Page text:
The best step towards preparing trainers to work with clients with disabilities, Richardson suggests based on her research, might be for gyms nationwide to hire more trainers with disabilities. This, she says, seems to be the best source of training and comfort building for other trainers. Although this does pose the risk, she acknowledges, of a gym just isolating its disabled trainers, funneling all their disabled clients to them rather than integrating them into the wider gym space. It would also help, Wade argues, if certifying bodies required basic disability education for everyone, gyms focused on hiring trainers with disability exposure, or even just had regular awareness trainings.
But none of that is likely to happen—not just because there are not many disabled trainers out there, but because gyms are notoriously hostile to—or at least aggressively ignorant of, the needs of clients with disabilities in general. They have lagged behind other public spaces in adopting even bare bones, legally mandated physical accessibility features like ramps or reliably functional elevators.
Wade suspects most gyms skimp on accessibility and inclusion because they don’t think they need it. They both assume people with disabilities don’t want to use their services and recognize that they don’t have to cater to disabled populations to make bank. They may even fear catering to disabled people would run them a loss, due to the cost of specialized equipment and trainers for a small client base or to liability risks. And then there is a common assumption, Ciner adds, that people with disabilities can’t afford gyms. Many gyms, Richardson says, are so obsessed with selling the vision of a culturally perfect body that they might think hiring trainers, or welcoming clients, with disabilities could hurt their image.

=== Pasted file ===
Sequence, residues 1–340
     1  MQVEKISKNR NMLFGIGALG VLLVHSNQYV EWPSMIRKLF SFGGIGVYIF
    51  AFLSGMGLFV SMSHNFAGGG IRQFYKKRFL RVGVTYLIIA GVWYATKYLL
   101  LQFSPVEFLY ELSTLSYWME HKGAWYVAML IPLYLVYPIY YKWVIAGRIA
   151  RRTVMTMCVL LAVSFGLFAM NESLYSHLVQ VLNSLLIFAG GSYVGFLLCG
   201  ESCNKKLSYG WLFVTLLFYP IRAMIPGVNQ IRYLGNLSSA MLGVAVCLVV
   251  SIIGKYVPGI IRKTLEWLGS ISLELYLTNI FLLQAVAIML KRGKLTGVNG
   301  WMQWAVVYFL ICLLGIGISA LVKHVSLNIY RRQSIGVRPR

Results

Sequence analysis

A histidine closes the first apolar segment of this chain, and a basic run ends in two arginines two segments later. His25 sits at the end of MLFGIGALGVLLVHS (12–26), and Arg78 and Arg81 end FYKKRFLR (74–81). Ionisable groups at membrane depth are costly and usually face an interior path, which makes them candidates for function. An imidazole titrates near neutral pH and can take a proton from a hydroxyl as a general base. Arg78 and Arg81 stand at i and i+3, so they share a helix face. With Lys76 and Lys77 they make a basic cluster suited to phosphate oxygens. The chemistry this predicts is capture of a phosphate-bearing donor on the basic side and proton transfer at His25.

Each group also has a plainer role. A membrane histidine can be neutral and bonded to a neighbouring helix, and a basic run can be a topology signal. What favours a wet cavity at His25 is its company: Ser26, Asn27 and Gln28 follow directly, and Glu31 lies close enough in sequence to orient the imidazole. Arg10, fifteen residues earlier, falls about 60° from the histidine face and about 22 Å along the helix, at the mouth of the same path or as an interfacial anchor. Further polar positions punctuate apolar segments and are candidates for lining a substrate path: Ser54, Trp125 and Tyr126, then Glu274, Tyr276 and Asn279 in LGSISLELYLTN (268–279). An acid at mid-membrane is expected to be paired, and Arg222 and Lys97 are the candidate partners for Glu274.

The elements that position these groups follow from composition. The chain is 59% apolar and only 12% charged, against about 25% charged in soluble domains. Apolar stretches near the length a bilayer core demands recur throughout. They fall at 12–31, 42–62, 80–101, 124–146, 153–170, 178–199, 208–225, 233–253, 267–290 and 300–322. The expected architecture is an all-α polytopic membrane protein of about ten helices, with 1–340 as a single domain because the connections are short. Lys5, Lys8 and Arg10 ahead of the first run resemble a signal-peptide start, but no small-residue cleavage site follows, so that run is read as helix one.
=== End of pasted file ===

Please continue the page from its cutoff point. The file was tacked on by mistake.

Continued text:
Not all gyms adhere to this archetype, of course. Some, Lorcom notes, specialize in working with disabled populations. But, Richardson argues, these spaces are few in numbers compared to the disabled population. And they are ultimately segregationist, shunting disabled people into quiet corners.
So how can people with disabilities and their allies address these issues? Ciner thinks that he and others like him could appeal to their peers on a professional level. He believes many trainers would be swayed by the argument that championing an underserved population is meaningful and important, and that open-minded listening and adaptation actually makes training work more engaging and rewarding. But he also suspects trainers and gyms might need to see a business case. Many of them just don’t realize, he believes, how vast and untapped the market is for disability-friendly training and fitness spaces.
Yet those messages might take a while to sink in, moving past layers of acculturated ableism. Improving inclusion in training and gym spaces, Richardson suspects, might just come part-and-parcel with improving the visibility and inclusion of disabled people in wider society and, by so doing, chipping away at ingrained beliefs about ideal bodies, exercise goals, and the whole lot. “Unfortunately, this is a difficult battle,” Richardson says. “Changing the culture of the mainstream fitness industry,” much less society as a whole, “will not happen overnight.”